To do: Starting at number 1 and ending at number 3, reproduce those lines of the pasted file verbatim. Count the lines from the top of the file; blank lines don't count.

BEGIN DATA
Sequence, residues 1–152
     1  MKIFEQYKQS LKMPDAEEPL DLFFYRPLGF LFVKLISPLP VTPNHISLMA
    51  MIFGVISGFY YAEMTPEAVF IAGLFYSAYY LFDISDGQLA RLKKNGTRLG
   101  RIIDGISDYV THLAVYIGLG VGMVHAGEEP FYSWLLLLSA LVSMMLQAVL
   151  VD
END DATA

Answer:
Sequence, residues 1–152
     1  MKIFEQYKQS LKMPDAEEPL DLFFYRPLGF LFVKLISPLP VTPNHISLMA
    51  MIFGVISGFY YAEMTPEAVF IAGLFYSAYY LFDISDGQLA RLKKNGTRLG